Issue 4, May 16, 2016
Each spring we receive questions and concerns regarding browning boxwoods. The browing foliage is often the result of winter injury, and weak pathogens infecting the winter injured tissues. More recently, however, callers have been concerned about Boxwood Blight, a new and devastating disease to boxwood. Boxwood blight has been identified in 18 states, mostly along the eastern seaboard and Oregon. In the Midwest, it has been confirmed in Ohio and Missouri. To date, Boxwood Blight has not been detected in Illinois. However, this disease is considered a threat to Illinois. Please contact us if you see a suspect plant. Key identification characteristics of Boxwood Blight and its look-alikes are provided below.
Boxwood Blight (Calonectria pseudonaviculata, syn. Cylindrocladium buxicola)
Hosts are limited to the Buxaceae family, including boxwood and pachysandra. Boxwood species vary in their susceptibility. Buxus sempervirirens and cultivars are the most susceptible, while Buxus sinica var. insularis, Buxus microphylla and their cultivars have been noted to be more resistant. While resistant cultivars show fewer symptoms, they can still spread the pathogen, an may act as a 'Trojan Horse," introducting the pathgoen to new loacations.
Look for these characteristic symptoms of Boxwood Blight:
- Dark brown or black, circular leaf spots (Photo 1)
- Dark brown or black linear stem cankers (Photo 2)
- Complete defoliation of the plant.
- White fungal sporulation on the undersides of the leaves.
**Many of these symptoms are similar to other diseases. Diagnosis should be confirmed by a plant diagnostic laboratory, such as the Univseristy of Illinois Plant Clinic
Photo 1. Leaf spots caused by boxwood blight. Photo Credit: Mary Ann Hansen, Virginia Polytechnic Institute and State University, Bugwood.org
Photo 2. Boxwood Blight. Black linear stem cankers. Photo Credit: Adria Bordas, Virginia Polytechnic Institute and State University, Bugwood.org
Boxwood Blight Look-alikes
Winter Injury, Macrophoma Leaf Spot, and Volutella Blight are common problems of boxwoods grown in Illinois. Their symptoms have similarities to those of Boxwood Blight. To manage these diseases, prune out dead tissues in the spring, preferably during dry weather. Lightly thin the plant so that there is good air circulation within the canopy. Remove all dead leaves and fallen leaves from around the plant. Take steps to avoid winter injury. Protect boxwoods from desiccating winter winds and intense sunlight.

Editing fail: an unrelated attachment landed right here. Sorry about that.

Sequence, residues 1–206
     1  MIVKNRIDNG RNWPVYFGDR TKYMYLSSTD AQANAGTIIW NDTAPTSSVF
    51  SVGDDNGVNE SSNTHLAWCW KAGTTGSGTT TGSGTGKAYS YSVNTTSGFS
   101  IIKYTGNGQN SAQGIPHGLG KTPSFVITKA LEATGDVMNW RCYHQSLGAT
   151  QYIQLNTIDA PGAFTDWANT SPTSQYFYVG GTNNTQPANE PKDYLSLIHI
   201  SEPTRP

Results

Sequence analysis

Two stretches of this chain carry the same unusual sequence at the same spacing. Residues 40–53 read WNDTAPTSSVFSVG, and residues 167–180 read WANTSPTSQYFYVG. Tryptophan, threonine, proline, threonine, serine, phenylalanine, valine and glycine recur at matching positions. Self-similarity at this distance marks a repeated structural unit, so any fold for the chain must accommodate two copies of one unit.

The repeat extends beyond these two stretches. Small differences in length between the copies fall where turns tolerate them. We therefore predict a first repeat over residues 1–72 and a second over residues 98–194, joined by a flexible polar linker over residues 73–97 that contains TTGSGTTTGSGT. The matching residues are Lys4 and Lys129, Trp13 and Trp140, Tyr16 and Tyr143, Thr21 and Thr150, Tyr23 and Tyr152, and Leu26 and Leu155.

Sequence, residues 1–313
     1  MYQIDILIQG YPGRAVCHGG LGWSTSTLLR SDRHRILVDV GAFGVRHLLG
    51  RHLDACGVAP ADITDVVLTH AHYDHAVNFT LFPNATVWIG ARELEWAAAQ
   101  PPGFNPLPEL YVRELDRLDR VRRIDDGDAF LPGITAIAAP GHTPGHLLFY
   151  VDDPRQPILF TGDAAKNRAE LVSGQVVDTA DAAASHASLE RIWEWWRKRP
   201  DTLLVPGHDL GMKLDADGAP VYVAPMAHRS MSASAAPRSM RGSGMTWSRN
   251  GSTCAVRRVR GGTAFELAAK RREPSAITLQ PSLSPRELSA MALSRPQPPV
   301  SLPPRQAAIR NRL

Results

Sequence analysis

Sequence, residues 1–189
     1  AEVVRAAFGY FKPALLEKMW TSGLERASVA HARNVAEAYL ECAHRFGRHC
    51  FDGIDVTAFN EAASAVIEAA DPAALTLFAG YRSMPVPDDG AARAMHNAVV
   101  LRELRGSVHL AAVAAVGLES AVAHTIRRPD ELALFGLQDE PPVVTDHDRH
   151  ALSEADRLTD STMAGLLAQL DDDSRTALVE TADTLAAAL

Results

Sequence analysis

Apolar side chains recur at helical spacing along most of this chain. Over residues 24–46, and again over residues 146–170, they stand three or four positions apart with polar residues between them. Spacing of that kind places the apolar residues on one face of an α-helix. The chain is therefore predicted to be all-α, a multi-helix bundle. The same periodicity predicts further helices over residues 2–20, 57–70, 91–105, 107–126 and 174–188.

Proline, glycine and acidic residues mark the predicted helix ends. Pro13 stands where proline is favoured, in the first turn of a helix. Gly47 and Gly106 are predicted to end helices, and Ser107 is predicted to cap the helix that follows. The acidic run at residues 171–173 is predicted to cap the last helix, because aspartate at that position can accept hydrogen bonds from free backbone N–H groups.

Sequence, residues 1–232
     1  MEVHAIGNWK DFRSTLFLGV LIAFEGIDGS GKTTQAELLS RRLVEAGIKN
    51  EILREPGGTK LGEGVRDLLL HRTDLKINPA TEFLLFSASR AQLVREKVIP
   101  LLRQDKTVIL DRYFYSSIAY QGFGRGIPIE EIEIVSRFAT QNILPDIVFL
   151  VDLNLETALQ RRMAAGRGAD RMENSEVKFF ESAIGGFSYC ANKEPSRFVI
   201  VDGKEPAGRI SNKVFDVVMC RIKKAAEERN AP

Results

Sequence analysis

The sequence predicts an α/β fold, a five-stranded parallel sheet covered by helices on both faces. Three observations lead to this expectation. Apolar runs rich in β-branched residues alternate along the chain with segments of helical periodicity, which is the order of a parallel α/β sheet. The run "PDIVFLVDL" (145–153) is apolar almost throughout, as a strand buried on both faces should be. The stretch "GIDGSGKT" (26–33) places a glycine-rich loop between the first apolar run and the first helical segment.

Winter Injury (Abiotic)
Winter injury occurs as cold, dry, winter winds and/or direct sunlight causes moisture loss from the evergreen leaves. Frozen soils prevent the plant from taking up water and freeze-dried burn symptoms often result. Depending on a plant's hardiness, location, and the weather conditions, winter injury can damage the entire plant or just the branch or leaf tips causing leaves to become pale yellow/reddish bronze. The pattern of injury can also be helpful in diagnosing winter injury. Injury is most likely to occur on southwest and windward facing sides of the plant. A "snow line," or distinct line that separates the healthy green bottom from the damaged brown top can also be an indication of winter injury. Snow insulates and protects foliage from desiccating winds and extreme cold temperature.
Macrophoma Leaf Spot (Macrophoma candollei)
Macrophoma is a weak pathogen that can be confused with Boxwood blight. The disease causes leaf spots and straw colored leaves and can be easily identified by the numerous black, raised fruiting bodies found on dead or dying leaves (Photo 3).
Photo 3. Black, raised fruiting bodies of Macrophoma Leaf Spot on boxwood.
Volutella Blight (Volutella buxii (asexual stage of Pseudonectria rouselliana))
Photo 4. Volutella Blight with salmon colored sporulation.
This fungal pathogen often infects wounds resulting from winter injury. Infected leaves on branch tips turn tan, straw-yellow or bronze color in the spring. Volutella often moves down the stem, whereas winter injury happens seemingly at once and does not progress down the stem. Under moist, humid conditions, the foliage may develop distinct masses of pink to salmon colored spores (Photo 4). (Travis Cleveland)